Sunday, 25 April 2010

We have no time

I was listening to a report on the radio this morning about the people who have been stranded because of the no flying rule, and the long overland treks they have had to make to get home. From the reports in the press it appears that a lot of people have suffered horrendously complicated journeys taking much longer than the quick flight they had originally intended. Stories of running out of money, with nowhere to sleep, stranded miles from home, seem like the stuff of nightmares.

But now it emerges that some people have found the experience of travelling great distances overland, a very enlightening and exciting adventure. Their epic journey will be a talking point down at their local pub for quite some time, long after the rest of their holiday will be forgotten. This has planted the seed that they may be missing out on many more adventures if they install themselves into a metal bird, and sleep all the way to their destination.

The report mentioned that some people had returned to the UK on a container ship, and went on to interview a couple who discovered this mode of transport many years ago. They have taken many holidays on these huge floating warehouses, and the excitement for them was never being certain that the boat was actually going to reach it's scheduled destination. They said the crews were usually made up of all nationalities, and because there were so few passengers they were treated like VIP's. Even being allowed access to the bridge at any time, a treat they enjoyed at night. Their enthusiasm for their particular choice of transport meant that they had lots of time to explore places that they would have otherwise never seen if they had been flying.

Years ago when I was working, getting from A to B by the quickest route was paramount. Places were measured in 'how long to get there' rather than 'how far away is it'. I lived life in the fast lane, literally. Foot flat to the floor and go like stink. My concentration on the road ahead was finely tuned, so much so that I didn't notice things along the way that might be interesting. I had no time.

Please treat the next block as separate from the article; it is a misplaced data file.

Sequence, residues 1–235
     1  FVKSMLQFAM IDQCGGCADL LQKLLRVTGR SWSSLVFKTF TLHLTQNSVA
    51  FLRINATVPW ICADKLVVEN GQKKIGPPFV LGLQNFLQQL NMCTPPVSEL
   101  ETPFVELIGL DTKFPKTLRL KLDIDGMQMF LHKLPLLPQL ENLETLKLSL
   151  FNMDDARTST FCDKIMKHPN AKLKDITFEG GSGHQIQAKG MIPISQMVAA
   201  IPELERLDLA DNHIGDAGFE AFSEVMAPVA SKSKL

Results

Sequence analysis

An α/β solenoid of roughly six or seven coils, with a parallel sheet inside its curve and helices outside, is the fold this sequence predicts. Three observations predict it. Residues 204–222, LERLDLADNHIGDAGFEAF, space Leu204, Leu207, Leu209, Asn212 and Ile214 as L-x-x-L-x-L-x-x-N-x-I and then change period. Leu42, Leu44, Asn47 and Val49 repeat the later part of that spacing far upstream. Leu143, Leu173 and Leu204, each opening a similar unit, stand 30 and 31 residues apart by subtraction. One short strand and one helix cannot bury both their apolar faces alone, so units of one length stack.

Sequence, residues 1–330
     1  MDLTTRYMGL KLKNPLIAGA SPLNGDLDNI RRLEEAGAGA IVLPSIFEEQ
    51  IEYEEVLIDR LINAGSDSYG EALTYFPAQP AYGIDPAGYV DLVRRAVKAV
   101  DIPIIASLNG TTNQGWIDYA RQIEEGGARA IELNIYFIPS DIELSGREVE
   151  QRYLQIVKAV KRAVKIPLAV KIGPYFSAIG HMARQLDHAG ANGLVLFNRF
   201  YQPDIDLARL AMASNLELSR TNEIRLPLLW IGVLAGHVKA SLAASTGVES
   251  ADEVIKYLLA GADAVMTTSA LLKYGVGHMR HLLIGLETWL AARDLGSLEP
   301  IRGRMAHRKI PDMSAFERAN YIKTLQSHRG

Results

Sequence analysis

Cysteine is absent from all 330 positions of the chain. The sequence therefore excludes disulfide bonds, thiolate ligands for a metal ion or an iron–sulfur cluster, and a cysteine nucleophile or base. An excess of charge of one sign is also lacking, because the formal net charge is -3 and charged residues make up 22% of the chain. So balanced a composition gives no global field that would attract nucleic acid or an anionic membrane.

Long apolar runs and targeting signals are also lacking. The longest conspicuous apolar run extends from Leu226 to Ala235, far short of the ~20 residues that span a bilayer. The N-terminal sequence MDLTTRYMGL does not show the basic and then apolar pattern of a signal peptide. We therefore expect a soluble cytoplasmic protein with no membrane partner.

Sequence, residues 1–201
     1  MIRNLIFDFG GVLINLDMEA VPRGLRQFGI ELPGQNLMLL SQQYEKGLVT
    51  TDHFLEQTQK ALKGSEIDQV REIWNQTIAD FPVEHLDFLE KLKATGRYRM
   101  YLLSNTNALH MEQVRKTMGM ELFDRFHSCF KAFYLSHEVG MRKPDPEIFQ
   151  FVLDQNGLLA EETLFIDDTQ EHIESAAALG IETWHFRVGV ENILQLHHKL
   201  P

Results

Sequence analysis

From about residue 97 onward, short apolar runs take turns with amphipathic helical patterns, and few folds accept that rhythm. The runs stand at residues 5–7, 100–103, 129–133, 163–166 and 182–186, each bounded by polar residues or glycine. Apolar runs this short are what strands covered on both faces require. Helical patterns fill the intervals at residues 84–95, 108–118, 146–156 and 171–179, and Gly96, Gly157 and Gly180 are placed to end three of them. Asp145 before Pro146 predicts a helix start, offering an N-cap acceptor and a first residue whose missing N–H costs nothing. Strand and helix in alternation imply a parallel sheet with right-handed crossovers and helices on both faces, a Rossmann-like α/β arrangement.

Now I do have time. I recognised a few years ago that I was spending too much time earning a living. Too much time worrying about money, it had to stop. I wanted to get off that fast jet plane and take the meandering cruise ship. Now I can stop off and see places that I never had time for before. This poem is very true. . . . . .

What is this life if, full of care,
We have no time to stand and stare?

No time to stand beneath the bows,
And stare as long as sheep and cows:

No time to see, when woods we pass,
Where squirrels hide their nuts in grass:

No time to see, in broad daylight,
Streams full of stars, like skies at night,

No time to turn at Beauty's glance,
And watch her feet, how they can dance,

No time to wait till her mouth can,
Enrich that smile her eyes began,

A poor life this if, full of care,
We have no time to stand and stare.

W.H. Davies

4 comments:

  1. i love this poem, I remember reading it when i was decidin to go part time so i could spend more time with my children, I just did not want to be working every hour teaching other peoples kids watchign them grow and not being able to do that with my own.

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  2. You are on the nail Ilona, I am a sales rep who travels to lots of towns and cities - I only see the inside of the building I am visiting, so I know I'm missing out on a lot.

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  3. So agree with you Ilona. We stepped off the roundabout, so to speak, about 6 years ago - in fact we'd put all our plans in place for the end of the school year 2004 but everything was accelerated when husband was diagnosed with a heart problem in March 2004 and told to stop work immediately, so in a sense we were just in time to avert disaster. We live rather hand-to-mouth, but we have been much happier. We now have husband's mother (91) to care for so are lives are less free than they were as we are now a bit trapped by a different sort of routine - rather more time to stand and stare than we'd like as it's difficult to get out. Still it won't go on like this for ever - only till she's about 106, I expect (many of her family have lived well into their hundreds!). We maintain a sense of humour at least.

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  4. Like your sense of humour Jee, I am rather tied with my cats, but we can't shirk our responsibilities. Besides I'm sure your mum loves you just like my cats love me, well they are happy when there is food offered :o)

    Samfan, your day will come, in the meantime, can you not skive off for a couple of hours when you are in a nice area? I didn't have time to look round in the daytime, but I did pick where I was parking up for the night, ha ha.

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